Is the dearth of marketing talent a myth or a reality?

As a career, marketing holds up well against its nearest industry competitors, but the profession needs to tap into broader trends, writes Fiona Blades.

Fiona Blades is chief experience officer at Mesh and a mentor for Fringe Factory
Fiona Blades is chief experience officer at Mesh and a mentor for Fringe Factory

How often have you heard someone say "I can’t find good people" or "Are we still attracting top talent to a career in marketing?"

These questions are not unique to marketing, however. Four years ago, Finn Raben, director-general of ESOMAR, the European Society for Opinion and Marketing Research, invited me to mentor a global young researcher team to see how we attract talent to the industry. Fringe Factory was born. 

Myth or reality?

Eighteen months ago the Fringe Factory board initiated a quest to establish the truth behind the industry perception that it was difficult to attract good, new talent to market research – and that colleagues in marketing, advertising and management consultancy have it easy.

If you start in that field and are computer-savvy, there’s no limit to what you can do in the field of technology

Was this a myth to bust or a reality to embrace? The team collaborated with SSI and InSites Consulting to conduct a quantitative study of 1800 people (50% undergraduates and 50% with up to two years’ work experience) in more than nine countries. And the award for the best overall sector goes to…? It was a tie between computer/ICT and government, with 12% of the votes each. 

Why these sectors? The Fringe Factory board pointed to the ‘PC Generation’: PC for personal computer and perpetual crisis. ICT scored highly on career-choice criteria important to this generation – ‘match your interests’, ‘work-life balance’ and ‘career opportunities’. As one respondent said: "If you start in that field and are computer-savvy, there’s no limit to what you can do in the field of technology." But why government? "Job security. In a struggling economy, government jobs can offer employees a bit more stability. You’ll never get rich, you’ll be comfortable." This is a generation in the midst of a recession.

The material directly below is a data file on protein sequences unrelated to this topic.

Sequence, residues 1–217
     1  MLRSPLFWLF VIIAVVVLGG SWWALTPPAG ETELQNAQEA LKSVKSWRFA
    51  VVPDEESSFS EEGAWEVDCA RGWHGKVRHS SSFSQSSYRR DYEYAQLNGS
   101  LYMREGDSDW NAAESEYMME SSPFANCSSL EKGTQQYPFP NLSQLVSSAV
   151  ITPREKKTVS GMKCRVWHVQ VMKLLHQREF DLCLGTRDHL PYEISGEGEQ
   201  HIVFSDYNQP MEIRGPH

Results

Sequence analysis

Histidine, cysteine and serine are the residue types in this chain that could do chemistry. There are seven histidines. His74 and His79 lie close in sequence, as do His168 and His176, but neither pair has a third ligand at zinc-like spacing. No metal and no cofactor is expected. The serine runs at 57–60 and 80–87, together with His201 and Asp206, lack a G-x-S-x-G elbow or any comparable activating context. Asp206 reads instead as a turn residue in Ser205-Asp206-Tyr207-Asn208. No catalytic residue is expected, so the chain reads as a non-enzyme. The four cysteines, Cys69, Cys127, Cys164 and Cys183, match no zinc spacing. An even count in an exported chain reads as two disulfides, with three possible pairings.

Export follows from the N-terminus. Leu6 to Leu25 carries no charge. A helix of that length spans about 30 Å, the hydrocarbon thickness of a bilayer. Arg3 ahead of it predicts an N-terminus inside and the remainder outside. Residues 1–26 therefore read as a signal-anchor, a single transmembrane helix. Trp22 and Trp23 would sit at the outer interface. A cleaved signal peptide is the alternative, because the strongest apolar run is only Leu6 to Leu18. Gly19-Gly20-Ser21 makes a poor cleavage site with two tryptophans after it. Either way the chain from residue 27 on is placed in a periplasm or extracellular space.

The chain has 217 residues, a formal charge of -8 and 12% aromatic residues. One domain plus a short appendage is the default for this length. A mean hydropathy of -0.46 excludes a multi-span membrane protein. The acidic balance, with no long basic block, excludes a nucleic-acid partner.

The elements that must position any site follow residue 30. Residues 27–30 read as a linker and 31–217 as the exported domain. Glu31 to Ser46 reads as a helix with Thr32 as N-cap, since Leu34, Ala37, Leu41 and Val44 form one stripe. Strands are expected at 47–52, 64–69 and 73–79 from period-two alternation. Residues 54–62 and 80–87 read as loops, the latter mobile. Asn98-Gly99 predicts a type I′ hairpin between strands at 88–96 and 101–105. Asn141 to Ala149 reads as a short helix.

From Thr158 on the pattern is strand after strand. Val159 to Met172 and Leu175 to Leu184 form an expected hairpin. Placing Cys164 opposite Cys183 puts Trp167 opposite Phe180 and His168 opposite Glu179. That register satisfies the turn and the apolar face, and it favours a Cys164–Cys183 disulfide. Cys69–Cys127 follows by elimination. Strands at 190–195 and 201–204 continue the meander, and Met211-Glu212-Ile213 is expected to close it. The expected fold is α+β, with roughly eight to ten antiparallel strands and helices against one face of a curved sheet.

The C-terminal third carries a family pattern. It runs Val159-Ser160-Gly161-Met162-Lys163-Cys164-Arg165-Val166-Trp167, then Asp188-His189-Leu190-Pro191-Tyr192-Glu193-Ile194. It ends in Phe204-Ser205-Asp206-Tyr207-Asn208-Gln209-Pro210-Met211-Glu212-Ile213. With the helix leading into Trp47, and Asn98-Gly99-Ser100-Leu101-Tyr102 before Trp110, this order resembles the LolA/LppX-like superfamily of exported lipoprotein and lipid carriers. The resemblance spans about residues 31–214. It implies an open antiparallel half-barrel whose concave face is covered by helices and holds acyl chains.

Diminishing numbers

Now let’s reframe our field of vision and battle it out between our close, service-industry competitors. How does marketing feature in the mix? Actually, rather well – in a respectable fifth place with 6% of votes, ahead of management consultancy (4%), market research (3%) and advertising (2%).

Russia has 16% wanting to work in marketing with 14% actually working in the discipline

At a global level, of those about to graduate, 69% had chosen a sector and 5% claimed to be looking at marketing, the same for management consultancy, with market research having 3%, and 2% for advertising. But what’s happened to marketing in the UK?

Out of 188 interviewed, not one was looking to work in the industry on graduation and only 1% was actually doing so, despite 26% claiming they’d consider it. By contrast, Russia has 16% wanting to work in marketing with 14% actually working in the discipline.

What should we take from this? A look at what Russia, Germany, the Netherlands and India are doing might be helpful, as all have an above-average consideration of marketing. Maybe they have good courses, better career opportunities or focus on the technological side, like digital marketing.

Overall, marketing is holding up well against its nearest competitors, but the profession needs to tap into the broader technological and social trends that make ICT and government such attractive career options.

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